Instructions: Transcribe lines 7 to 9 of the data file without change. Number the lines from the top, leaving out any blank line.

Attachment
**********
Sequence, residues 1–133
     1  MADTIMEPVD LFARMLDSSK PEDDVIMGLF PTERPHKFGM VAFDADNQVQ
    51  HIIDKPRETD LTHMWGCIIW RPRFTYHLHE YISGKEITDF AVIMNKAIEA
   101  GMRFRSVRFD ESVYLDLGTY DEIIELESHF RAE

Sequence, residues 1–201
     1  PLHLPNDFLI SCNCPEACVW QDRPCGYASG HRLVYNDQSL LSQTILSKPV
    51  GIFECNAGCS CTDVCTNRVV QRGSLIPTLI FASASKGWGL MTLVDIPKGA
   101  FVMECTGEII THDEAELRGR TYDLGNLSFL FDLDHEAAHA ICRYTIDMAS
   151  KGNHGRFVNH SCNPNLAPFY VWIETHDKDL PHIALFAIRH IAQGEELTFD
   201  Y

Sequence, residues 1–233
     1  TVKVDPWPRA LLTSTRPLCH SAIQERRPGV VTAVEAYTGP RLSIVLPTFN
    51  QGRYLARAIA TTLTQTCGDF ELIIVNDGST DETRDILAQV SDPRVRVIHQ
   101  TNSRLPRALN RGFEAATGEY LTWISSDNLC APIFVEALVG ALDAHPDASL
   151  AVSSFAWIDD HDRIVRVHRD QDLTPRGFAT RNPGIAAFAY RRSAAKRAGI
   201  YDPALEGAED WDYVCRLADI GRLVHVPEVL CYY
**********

    51  GIFECNAGCS CTDVCTNRVV QRGSLIPTLI FASASKGWGL MTLVDIPKGA
   101  FVMECTGEII THDEAELRGR TYDLGNLSFL FDLDHEAAHA ICRYTIDMAS
   151  KGNHGRFVNH SCNPNLAPFY VWIETHDKDL PHIALFAIRH IAQGEELTFD